Forgive us for having little faith when we first heard about the Garmin-Asus A50, but it's not like we had the best experience with Garmin-Asus' first GPS-smartphone hybrid, the Nuvifone G60 for AT&T. It worked fine as a GPS device, but failed horribly as a smartphone, so that didn't exactly leave us with the best impression. However, we saw signs of improvement when we got some hands-on time with the A50 at Mobile World Congress. At the time, Garmin said it wasn't sure that the model would make its way to the States, but lucky forT-Mobile customers, the A50, renamed the Garminfone, is headed to the carrier on June 9 for $199.99 with a two-year contract and after a $50 mail-in rebate.
We say lucky because the Garminfone is the complete package, succeeding where the Nuvifone failed. Now running on the Android platform and sporting a sexier design, the Garminfone works both as a capable smartphone and navigator. It may not have the mass appeal of the T-Mobile MyTouch 3G Slide, but for those who spend a lot of time on the road, whether it's driving to business meetings or to and from their kids' soccer practices, the Garminfone is definitely worth a look.
Looks don't count for everything, but they do count for something and the Garmin Nuvifone G60 didn't make a very good impression with its blocky, drab design. Fortunately, that isn't the case with the Garminfone, which sports a sleeker, sexier frame. At 4.57 inches tall by 2.46 inches wide by 0.49 inch thick and 4.9 ounces, it's much more manageable as a cell phone but still big enough to work as a navigator. The device also has a solid construction and a soft-touch finish on back to give it a nonslippery texture when held in the hand.
On front, you get a 3.5-inch, HVGA (320x480 pixels) capacitive touch screen. Admittedly, we would have liked to see a slightly bigger display, but it's still large enough that we had no problems viewing maps while driving. It's also vibrant and clear and was still viewable in daylight. In addition to pinch-to-zoom support, the display has a proximity sensor and built-in accelerometer, and we're happy to report that the screen is much more responsive than the Nuvifone's. The screen orientation changed within a couple of seconds of rotating the phone, and it never froze during our review period.
The touch screen also performed well during our tests. It was responsive, and we had no problems selecting items or scrolling through lists. That said, we thought there was slight lag when using the onscreen keyboard. The layout of the keyboard was spacious enough that we could type with some speed, but there was a slight delay from the time we touched a key to the time the letter appeared on screen, so we had to continually go back and check for any spelling errors.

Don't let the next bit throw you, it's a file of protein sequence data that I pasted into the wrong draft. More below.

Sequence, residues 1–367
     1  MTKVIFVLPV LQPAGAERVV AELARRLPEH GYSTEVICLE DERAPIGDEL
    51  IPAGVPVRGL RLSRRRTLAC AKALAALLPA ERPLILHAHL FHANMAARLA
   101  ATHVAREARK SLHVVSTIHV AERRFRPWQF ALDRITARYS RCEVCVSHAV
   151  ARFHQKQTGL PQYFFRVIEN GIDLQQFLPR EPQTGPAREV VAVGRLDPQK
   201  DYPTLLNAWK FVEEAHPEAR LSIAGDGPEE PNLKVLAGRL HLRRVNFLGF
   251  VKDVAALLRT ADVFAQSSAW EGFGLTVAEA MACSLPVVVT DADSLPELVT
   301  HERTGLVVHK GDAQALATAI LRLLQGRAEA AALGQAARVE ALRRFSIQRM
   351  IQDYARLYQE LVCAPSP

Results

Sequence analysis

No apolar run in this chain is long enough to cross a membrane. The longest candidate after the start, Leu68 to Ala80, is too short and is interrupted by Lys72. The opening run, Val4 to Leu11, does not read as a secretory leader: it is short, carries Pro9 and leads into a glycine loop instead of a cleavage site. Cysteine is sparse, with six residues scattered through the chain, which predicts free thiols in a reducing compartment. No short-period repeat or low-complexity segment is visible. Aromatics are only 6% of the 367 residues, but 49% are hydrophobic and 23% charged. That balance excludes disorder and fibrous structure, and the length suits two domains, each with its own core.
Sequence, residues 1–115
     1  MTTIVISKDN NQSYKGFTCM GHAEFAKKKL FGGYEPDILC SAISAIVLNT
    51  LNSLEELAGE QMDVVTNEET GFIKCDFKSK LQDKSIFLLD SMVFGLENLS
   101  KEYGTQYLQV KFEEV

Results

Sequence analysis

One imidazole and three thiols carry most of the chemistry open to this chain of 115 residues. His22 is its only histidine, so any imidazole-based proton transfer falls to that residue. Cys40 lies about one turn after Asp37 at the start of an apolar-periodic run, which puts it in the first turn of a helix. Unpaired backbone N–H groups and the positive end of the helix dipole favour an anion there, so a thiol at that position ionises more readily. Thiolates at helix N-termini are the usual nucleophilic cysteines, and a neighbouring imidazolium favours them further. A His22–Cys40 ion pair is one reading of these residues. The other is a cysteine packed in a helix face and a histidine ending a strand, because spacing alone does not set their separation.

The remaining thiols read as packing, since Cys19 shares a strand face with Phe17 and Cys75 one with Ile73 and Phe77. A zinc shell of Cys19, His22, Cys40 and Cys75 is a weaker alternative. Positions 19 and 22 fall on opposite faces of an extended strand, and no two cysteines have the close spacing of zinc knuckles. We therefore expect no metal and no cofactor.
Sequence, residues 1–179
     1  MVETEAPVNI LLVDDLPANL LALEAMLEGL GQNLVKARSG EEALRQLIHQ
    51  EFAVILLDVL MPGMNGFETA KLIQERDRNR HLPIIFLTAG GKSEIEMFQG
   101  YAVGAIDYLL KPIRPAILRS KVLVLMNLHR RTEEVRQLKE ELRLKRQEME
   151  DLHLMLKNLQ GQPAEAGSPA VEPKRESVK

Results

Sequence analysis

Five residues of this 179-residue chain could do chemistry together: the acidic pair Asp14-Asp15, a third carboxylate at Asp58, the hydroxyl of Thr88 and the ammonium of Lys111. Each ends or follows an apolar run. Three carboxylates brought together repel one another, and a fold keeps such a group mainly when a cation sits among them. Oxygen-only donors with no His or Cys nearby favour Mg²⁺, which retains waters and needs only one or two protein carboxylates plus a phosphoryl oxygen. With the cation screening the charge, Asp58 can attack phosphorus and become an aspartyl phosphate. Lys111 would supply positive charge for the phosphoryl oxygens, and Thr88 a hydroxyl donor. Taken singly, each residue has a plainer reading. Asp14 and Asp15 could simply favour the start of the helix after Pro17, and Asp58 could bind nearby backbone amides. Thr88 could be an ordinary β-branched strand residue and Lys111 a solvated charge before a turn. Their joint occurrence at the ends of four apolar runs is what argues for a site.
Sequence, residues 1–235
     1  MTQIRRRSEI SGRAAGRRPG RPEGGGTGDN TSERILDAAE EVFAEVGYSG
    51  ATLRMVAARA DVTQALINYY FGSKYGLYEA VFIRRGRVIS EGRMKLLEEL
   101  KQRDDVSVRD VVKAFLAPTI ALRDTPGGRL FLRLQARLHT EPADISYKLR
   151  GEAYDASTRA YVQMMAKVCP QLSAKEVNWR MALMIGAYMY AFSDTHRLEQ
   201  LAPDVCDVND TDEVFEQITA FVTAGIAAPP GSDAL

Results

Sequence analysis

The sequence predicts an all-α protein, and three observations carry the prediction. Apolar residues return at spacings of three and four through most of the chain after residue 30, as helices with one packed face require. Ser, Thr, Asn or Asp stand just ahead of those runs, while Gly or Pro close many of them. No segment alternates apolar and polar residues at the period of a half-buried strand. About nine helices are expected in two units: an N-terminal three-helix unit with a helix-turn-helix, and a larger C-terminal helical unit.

Below the display, there are four touch-sensitive buttons--home, menu, phone, and back--and a four-way D-pad, which all work well. On the right spine, there's a volume rocker and camera activation/capture button. The power button sits on top of the device; a Micro-USB port is on bottom for charging and syncing the phone. Last but not least, the camera is located on back.
T-Mobile packages the Garminfone with a healthy set of accessories, including an AC adapter, a car charger, a car mount (windshield and dash), a 2GB microSD card, a USB cable, a wired headset, and reference material. For more add-ons, please check out cell phone accessories, ringtones, and help page.
The Garminfone now runs Android 1.6, but Garmin chose to stick with is proprietary user interface, which isn't a bad thing since it's quite easy to use. The main home screen is split into two parts, with the phone and navigation apps prominently displayed on the left and on the right; there's also a customizable bar that allows you to scroll through your favorite apps. The latter also features a small tab that you can tap, which then expands to reveal the full main menu of apps. From here, you can also drag and drop icons into the aforementioned favorite apps bar.
Though it seems you only get one home screen, there is a widget app in the main menu that presents you with five home screens that can be personalized with various widgets and shortcuts. Alternatively, you can do a long press of the home key, which brings up the same option. It's handy for accessing your wireless manager and viewing any upcoming appointments, but other times, we found it just as quick to launch the appropriate app from our favorites tray.
In all, Garmin's UI may not be as sophisticated as HTC Sense, but it works. You can launch your e-mail or address book and know how to access information and perform basic actions, without being overwhelmed with too many options, so there's something to be said about Garmin's straightforward approach. Also, the Garminfone just feels much more like a complete device in that the UI is consistent throughout the whole phone, and the features are well integrated with each other (e.g., navigation functions are worked into the contacts page). It's such a stark and welcome contrast to the Nuvifone.